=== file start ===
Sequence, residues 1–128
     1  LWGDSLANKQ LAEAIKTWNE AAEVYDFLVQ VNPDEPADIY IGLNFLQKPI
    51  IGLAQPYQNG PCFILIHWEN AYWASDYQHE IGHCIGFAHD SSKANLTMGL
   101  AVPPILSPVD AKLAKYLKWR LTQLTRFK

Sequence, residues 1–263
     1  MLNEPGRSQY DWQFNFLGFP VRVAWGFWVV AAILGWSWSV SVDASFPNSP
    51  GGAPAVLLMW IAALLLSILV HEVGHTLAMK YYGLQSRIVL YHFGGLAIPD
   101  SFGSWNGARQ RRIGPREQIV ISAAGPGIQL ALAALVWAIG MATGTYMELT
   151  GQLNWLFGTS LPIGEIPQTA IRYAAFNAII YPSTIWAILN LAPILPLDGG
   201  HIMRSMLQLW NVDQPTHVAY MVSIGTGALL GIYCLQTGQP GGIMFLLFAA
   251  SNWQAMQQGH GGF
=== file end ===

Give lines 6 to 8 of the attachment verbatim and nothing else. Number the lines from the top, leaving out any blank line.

     1  MLNEPGRSQY DWQFNFLGFP VRVAWGFWVV AAILGWSWSV SVDASFPNSP
    51  GGAPAVLLMW IAALLLSILV HEVGHTLAMK YYGLQSRIVL YHFGGLAIPD
   101  SFGSWNGARQ RRIGPREQIV ISAAGPGIQL ALAALVWAIG MATGTYMELT